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Retrenchments & Tax Directives

With many Companies downsizing right now during these tough times, we’ve had many queries regarding Retrenchment & which Tax Directives to apply for.  We’ve broken them all down for you below so that your employees can get the maximum benefit when processing their final paylips.


If you’re a company that’s retrenching employees that have been employed for many years, and you’re offering a retrenchment package, it means employees will receive a rather substantial severance amount on their last day.


The money they receive is taxable. But as substantially larger or abnormal amounts compared to their normal pay cheques, they may find themselves paying over too much tax if charged at the standard income tax rates. This is because the standard income tax rates are calculated by adding the presented amount to any other income they may earn and then aggregated out to an annual amount. In other words, it’s assumed that this amount will be the amount they’ll earn each month for the tax year, which isn’t the case. In these instances, and a select few others, it’s worthwhile to consider applying for a tax directive from SARS to help ease the tax calculation and payment.



What is a Tax Directive from SARS?

A tax directive is simply an official instruction from SARS to the employer or fund manager to deduct tax at a set rate, determined by SARS for an individual case, and not the general income tax rates. This directive ensures employees pay a fair rate of tax on their earnings, most importantly for larger or irregular payments. There are several types of tax directives available based on the purpose and the type of income earned. Let's take a look at these now.



1. Gratuities Tax Directive - The IRP3(a)

The gratuities tax directive is used when a company makes a payment to an employee, or their dependents, in the case of:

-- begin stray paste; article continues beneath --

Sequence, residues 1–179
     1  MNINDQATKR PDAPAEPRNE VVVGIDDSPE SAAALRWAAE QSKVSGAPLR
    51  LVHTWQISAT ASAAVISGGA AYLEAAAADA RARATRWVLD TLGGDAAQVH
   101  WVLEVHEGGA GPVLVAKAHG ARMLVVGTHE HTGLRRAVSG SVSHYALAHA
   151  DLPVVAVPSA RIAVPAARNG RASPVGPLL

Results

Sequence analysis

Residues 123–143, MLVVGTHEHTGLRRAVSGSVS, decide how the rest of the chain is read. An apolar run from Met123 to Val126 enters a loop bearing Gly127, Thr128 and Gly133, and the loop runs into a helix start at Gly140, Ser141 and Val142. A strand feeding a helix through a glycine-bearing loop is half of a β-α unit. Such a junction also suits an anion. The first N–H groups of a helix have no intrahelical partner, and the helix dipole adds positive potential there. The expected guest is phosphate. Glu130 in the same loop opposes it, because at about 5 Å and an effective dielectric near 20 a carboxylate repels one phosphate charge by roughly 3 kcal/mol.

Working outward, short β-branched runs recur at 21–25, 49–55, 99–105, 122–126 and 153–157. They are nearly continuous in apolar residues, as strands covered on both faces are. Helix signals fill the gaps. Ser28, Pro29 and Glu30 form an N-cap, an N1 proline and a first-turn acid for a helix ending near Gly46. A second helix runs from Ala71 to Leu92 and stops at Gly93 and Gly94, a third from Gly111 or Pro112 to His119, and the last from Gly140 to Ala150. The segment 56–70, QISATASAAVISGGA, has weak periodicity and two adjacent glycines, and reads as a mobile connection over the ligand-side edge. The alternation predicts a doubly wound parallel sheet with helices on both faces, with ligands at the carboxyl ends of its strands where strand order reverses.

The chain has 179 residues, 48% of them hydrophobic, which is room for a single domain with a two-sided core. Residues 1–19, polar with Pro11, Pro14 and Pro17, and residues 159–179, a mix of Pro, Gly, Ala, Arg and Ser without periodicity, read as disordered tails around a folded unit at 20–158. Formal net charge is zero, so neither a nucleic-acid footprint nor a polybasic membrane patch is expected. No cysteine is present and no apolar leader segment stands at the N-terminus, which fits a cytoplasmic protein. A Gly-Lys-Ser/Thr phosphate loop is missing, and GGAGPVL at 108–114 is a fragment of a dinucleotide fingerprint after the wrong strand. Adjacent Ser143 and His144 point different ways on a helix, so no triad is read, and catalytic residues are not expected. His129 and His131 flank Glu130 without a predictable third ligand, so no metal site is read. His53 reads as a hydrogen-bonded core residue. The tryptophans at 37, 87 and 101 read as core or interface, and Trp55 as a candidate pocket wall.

• Death

  • Retirement

  • Early retirement due to ill health

  • Retrenchment / severance package

  • Shares or Other payments such as leave pay cash out


2. Fixed Percentage Directive – The IRP3(b)

The fixed percentage directive is issued to commission earners and personal service companies and trusts, instructing tax to be deducted at a pre-determined set rate each month, irrespective of amount earned. This is beneficial when earnings fluctuate from month to month. A set fixed percentage will help to ‘normalise’ tax payments across the full tax period and may alleviate a hefty tax liability at the end of a tax year.


3. Fixed Amount Directive – The IRP3(c)

The fixed amount directive applies to sole proprietors who’ve been assessed to be running at a loss or taxpayers experiencing financial hardship due to extenuating circumstances beyond their control.


The SARS definition of financial hardship is: “Inability to meet minimum living standards / depriving the tax payer of the ability to maintain minimum living expenses if ignored / or extraordinary circumstances beyond Taxpayer’s control.”


It should be remembered that SARS has the final decision with regards to what is deemed to be hardship and cases are reviewed on an individual basis to determine whether the taxpayer qualifies for a tax directive under these circumstances.


4. Deemed Remuneration Tax Directive – The IRP3(d)

This directive is issued to instruct a company the remuneration amount (which may differ from actual remuneration amount) to be used to calculate tax liability for:

  • An employee assessed as under financial hardship, or

  • The director of a company where the formula for tax liability on remuneration isn’t complete, due to remuneration information for the preceding year of assessment being undetermined.


5. Form AD Tax Directive – Provident or Pension Fund Lump Sum Withdrawal

The Form AD directive is issued when a taxpayer withdraws a lump sum from a provident or pension fund due to:

  • Death

  • Retirement (including retirement due to ill health)

  • Provident fund - deemed retirement


6. Form B Tax Directive – Provident or Pension Fund Lump Sum Payment

The Form B directive is used when a lump sum needs to be paid by a provident or pension fund for:

  • Resignation or retrenchment

  • Withdrawal from fund

  • Winding up (fund closing)

  • Transfer

  • Future surplus

  • Unclaimed benefit

  • Transfer of a lump sum in the case of a divorce

  • Divorce settlement for a spouse (who is or isn’t a member of the fund)

  • Housing loan


7. Form C Tax Directive – Retirement Annuity Fund Lump Sum Payment

The Form C directive is used when a Retirement Annuity Fund needs to make a payment to a member, this will be in the case of:

  • Death before retirement

  • Retirement due to ill health

  • Transfer from one retirement annuity fund to another

  • Unclaimed benefits

  • Discontinued contributions

  • Future surplus

  • Divorce transfer

  • Divorce settlement for a spouse (who is or isn’t a member of the fund)

  • Emigration


You can apply for Tax Directive on

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